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THE CONFESSIONS OF A WIFE
HAS DICK A CONFESSION TO MAKE?
(Copyright, 1914, by the Newspaper Enterprise Association.)
After the slight opiate that had
been given Dick had worn off he
grew very restless, as the pain in
his head was almost unbearable. He
did not sleep at all during the night,
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any comfort at all was when I kept
hold of his other hand and talked
About 2 o'clock I became very
tired and it was all that I could do
.to keep awake. ,
"You poor girl," Dick said, as he
watched my head droop and my eyes
close for a moment, "I know I am
awfully selfish to keep you up this
"I am glad to do it, Dick, dear,"
I answered, "if I can keep awake, but
I am so tired that perhaps I'll lie
down here on the bed beside you and
you can wake me if you need me. If
I can sleep an hour I think perhaps
that I'll be able to keep awake with
you the remainder of the night."
I had already slipped on a loose
robe over my nightgown and thrust
my feet into warm, woolly, bedroom
slippers. As I placed myself beside
Dick on the side of his good arm
he reached out and drew me to him.
"Margie," he said, "I don't believe
that any man in the world ever had
such a good wife as you, and, Mar
v gie, I don't deserve such devotion."
"Why not, Dick, dear? I am sure
that you are not to be blamed for
this trouble that has come upon us.
Indeed, you got into this through
your kindness of heart."
'Tes," answered Dick with a
groan, "through some stroke of luck
I was a victim in the episode of Mrs.
Utter, but, Margie, she's a mighty
pretty woman. I wonder if I would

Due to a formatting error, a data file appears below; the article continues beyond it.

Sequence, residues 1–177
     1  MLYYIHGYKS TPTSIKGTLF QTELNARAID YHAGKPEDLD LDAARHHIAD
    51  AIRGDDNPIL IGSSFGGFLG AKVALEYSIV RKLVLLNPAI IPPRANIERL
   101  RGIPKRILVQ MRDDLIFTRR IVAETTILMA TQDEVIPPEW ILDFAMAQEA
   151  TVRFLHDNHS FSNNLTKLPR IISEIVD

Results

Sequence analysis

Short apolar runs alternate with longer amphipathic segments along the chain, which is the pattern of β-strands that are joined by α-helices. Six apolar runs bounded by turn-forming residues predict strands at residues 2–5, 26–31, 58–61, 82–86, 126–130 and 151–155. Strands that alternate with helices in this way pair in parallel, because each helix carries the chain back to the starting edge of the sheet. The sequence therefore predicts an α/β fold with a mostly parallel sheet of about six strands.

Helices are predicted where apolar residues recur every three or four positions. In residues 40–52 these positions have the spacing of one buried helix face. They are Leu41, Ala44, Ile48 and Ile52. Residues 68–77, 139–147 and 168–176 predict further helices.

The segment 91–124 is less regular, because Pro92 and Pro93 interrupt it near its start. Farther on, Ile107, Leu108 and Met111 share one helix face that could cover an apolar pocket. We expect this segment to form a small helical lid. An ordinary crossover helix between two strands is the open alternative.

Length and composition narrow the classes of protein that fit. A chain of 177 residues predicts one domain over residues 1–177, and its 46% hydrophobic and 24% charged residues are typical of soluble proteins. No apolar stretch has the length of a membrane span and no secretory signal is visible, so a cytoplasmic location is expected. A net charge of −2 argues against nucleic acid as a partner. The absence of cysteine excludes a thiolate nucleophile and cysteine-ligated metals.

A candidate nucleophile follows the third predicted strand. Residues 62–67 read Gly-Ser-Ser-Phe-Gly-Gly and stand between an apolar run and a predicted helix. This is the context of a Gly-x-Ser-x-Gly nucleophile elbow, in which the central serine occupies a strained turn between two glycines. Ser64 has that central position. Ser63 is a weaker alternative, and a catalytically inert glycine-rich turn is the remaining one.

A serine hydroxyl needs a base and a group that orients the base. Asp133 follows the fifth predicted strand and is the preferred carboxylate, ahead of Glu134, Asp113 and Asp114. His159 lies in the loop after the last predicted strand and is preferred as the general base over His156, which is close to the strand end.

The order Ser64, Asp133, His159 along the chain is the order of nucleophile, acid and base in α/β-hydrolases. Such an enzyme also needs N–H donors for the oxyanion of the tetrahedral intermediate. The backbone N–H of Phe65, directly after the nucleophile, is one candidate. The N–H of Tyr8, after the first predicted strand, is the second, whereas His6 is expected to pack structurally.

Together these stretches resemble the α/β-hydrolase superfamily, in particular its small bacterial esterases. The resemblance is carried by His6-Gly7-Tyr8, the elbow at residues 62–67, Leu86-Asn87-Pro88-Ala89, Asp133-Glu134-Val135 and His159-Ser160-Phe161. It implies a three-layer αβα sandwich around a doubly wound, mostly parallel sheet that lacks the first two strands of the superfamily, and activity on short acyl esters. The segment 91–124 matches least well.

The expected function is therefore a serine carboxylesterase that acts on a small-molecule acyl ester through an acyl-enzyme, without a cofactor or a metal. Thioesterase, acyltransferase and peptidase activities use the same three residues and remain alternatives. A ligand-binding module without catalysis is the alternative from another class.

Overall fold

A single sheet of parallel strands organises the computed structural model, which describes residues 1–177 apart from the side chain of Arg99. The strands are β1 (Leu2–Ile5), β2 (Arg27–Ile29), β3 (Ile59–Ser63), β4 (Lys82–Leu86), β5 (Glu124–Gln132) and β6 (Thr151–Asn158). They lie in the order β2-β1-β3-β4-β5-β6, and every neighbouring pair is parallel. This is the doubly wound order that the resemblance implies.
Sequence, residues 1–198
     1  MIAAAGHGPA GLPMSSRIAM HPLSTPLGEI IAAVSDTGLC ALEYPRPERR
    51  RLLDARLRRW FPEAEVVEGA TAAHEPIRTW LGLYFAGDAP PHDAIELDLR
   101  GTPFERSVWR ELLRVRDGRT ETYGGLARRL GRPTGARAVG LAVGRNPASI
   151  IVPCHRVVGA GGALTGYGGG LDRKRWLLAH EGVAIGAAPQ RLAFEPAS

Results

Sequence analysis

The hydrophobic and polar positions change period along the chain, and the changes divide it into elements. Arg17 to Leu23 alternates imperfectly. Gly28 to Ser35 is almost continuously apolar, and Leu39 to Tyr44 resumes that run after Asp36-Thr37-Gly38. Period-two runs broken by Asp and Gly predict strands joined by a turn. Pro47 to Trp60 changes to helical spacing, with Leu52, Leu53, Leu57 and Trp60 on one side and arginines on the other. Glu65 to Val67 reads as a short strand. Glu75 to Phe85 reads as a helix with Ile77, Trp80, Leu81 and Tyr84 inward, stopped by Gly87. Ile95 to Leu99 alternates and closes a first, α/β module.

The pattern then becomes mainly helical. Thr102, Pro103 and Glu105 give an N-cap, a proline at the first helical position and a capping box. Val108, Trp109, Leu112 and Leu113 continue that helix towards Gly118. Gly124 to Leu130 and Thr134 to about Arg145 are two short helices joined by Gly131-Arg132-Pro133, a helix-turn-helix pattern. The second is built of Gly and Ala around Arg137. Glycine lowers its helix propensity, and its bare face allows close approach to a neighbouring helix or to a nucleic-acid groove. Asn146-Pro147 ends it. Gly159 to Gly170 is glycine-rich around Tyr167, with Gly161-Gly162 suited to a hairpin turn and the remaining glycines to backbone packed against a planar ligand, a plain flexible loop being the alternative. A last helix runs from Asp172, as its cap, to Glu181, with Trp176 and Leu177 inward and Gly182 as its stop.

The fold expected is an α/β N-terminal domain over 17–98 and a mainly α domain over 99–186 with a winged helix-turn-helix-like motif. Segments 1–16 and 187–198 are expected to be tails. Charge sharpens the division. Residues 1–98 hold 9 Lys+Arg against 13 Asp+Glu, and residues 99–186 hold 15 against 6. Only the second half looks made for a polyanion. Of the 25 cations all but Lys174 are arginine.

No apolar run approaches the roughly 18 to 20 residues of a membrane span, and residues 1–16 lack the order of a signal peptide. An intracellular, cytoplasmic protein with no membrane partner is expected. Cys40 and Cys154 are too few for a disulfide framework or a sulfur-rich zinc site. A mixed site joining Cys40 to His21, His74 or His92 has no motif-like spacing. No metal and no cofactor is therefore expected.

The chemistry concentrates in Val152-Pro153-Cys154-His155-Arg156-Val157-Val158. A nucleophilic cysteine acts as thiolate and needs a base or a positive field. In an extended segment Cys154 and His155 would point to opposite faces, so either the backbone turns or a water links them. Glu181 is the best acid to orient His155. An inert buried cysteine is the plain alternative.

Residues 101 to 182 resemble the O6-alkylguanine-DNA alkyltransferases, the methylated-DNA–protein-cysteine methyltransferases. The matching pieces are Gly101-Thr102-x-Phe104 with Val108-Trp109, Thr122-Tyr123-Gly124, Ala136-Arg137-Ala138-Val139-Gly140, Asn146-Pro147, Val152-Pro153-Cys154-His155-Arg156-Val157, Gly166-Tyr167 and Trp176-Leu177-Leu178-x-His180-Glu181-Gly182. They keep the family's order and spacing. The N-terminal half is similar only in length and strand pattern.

have fallen for her had she tempted
Unconsciously I drew away from
him. "Don't draw away, he said. I
yet I winder if any woman under
stands the complex heart of man
man who gives to one woman his
love, his reverence, the best part of
'himself and yet steals away at times
to some other woman for whom he
"Don't, Dick don't! I can't bear
it. You must never let me suspect
that there is any other woman for
the least moment in your arms or
heart. If you do I am afraid that I
would see red. I would never be
happy again; any more than you
could be happy if you thought l naa
been untrue to you even in thought."
Dick strained me to him.
"Oh, Margie, Margie, why do wom
en always idealize us men? Why
can they not be content with us as
we are poor, weak and unstable?"
"For the same reason that you
idealize us. To you we are not wom
en. We who belong to you are moth
ers,' sisters and wives just a little
coterie of feminity that is quite dif
ferent from all the 'other women' in
"We are saints who can never be
sinners. Dick, please remember we
can all men and women alike be
sinners, and some way I am afraid
If I found you were treading the prim
rose path I should be sorely tempted
to pick a few posies myself just to
see what you found in primroses that
you liked so well; and I think this is
the very first thought that comes to
every wife who begins to distrust her
Dick groaned. I was not sure from
pain of body or travail of soul.
(To Be Continued Tomorrow.)
While digging potatoes in Hope,
Me., Arthur Hobart found one 12 by
15 inches in circumference, in which
was a mouse nest, containing one old
one and four little ones. The skin
love you, dear, love you only, and I was left on the top like a trap door.